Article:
Could it be our government, once again, is attempting to avoid a public panic while ignoring the great potential for harm these viruses could inflict. Time will tell. Harvard Medical School professor, Dr. Ronald Desroier points out that taking all known scientific evidence into account that the medical experts’ knowledge is limited to “perhaps 2% of existing monkey viruses.” Who knows what lethal virus may be discovered in our blood streams forty years from now as a result of good intentions….

References:

Berleur, M. P., & Cordier, S. (1995). The Role of Chemical, Physical, or Viral Exposures and Health Factors in Neurocarcinogenesis: Implications for Epidemiologic Studies of Brain Tumors.  Cancer Causes and Control, 6(3), 240-256.

Bookchin, D., & Schumaker, J. (1997). Tainted Polio Vaccine Still Carries Its Threat 40 Years Later. The Boston Globe, January 26.

Carbone, M., et al. (1996). SV-40 Like Sequences in Human Bone Tumors. Oncogene, 13(3), 527-535.

Elswood, B. F., & Stricker, R. B. (1995). Polio Vaccines and the Origin of AIDS. Medical Hypotheses, 42(6), 347-354.

Fisher, B. L. (1997). Workshop on Simian Virus 40: A Possible Human Polyomavirus. National Vaccine Information Center, January 27, On-line at http://www.909shot.com/polio197.htm>http://www.909shot.com/polio197.htm.

Krieg, P., Amtmann E, Jonas, D., Fischer, H., Zang, K., & Sauer G. (1981). Episomal Simian Virus 40 Genomes in Human Brain Tumors.  Proceedings of the National Academy of Sciences of the United States of America, 78(10), 6446-6450.

Lednicky, J. A., Garcea, R. L., Bergsagel, D. J., & Butel, J. S. (1995). Natural Simian Virus 40 Strains are Present in Human choroid Plexus and Ependymoma tumors.  Virology, 212(2), 710-717.

Martini, F., et al. (1995). Human Brain Tumors and Simian Virus 40.  Journal of the National Cancer Institute, 87(17), 1331.

Martini, F., et al. (1996). SV-40 Early Region and Large T Antigen in Human Brain Tumors, Peripheral Blood Cells, and Sperm Fluids From Healthy Individuals. Cancer Research, 56(20), 4820-4825.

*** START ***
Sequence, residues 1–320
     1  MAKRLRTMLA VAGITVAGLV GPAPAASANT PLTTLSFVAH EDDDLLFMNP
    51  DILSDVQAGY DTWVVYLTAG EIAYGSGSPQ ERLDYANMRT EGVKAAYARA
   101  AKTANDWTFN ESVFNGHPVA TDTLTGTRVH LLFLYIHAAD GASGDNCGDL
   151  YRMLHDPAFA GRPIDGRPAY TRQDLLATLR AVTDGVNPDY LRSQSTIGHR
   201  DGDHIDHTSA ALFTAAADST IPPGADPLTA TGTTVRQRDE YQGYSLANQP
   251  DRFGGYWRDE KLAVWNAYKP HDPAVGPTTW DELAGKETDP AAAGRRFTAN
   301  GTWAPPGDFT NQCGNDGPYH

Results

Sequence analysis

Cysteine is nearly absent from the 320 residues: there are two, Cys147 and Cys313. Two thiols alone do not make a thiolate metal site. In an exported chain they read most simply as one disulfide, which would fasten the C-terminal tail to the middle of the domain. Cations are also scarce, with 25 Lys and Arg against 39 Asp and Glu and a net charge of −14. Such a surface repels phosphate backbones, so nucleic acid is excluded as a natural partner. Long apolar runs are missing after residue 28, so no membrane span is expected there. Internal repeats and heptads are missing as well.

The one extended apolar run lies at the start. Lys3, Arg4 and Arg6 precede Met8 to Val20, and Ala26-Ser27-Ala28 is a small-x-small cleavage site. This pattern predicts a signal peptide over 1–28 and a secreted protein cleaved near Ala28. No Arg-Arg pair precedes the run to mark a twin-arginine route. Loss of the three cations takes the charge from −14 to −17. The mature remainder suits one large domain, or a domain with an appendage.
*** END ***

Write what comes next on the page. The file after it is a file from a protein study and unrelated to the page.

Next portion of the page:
Pass, H. I., Kennedy, R. C., & Carbone, M. (1996). Evidence for and Implications of SV-40 Like Sequences in Human Mesotheliomas.  Important Advances in Oncology, 89-108.

Rock, A. (1996). The Lethal Dangers of the Billion Dollar Vaccine Business. Money, December, pages 148-163.

Tognon, M., et al. (1996). Large T Antigen Coding Sequences of Two DNA Tumor Viruses, BK and SV-40, and Nonrandom Chromosome Changes in Two Glioblastoma Cell Lines. Cancer Genetics and Cytogenics, 90(1), 17-23.

***

The Tainted History of the DPT Vaccine

In his article, “Study: Media Unintentionally Distorts Child Vaccine Risks,” David Williamson reports on some of the controversy surrounding the safety of the Diphtheria, Pertussis, and Tetanus vaccination (DPT). The debate over the safety of this vaccine cocktail has raged for decades, not just in our country but around the globe.

There’s no question that DPT vaccinations save lives; they have lowered the annual pertussis deaths from about 1000 annually to less than ten. Unfortunately, as reported by the National Vaccine Information Center (NVIC), the form of the vaccine used and sanctioned by the Centers for Disease Control also kills as many as 900 children per year, and leaves one of every 62,000 children immunized with permanent brain damage. Are those acceptable risks?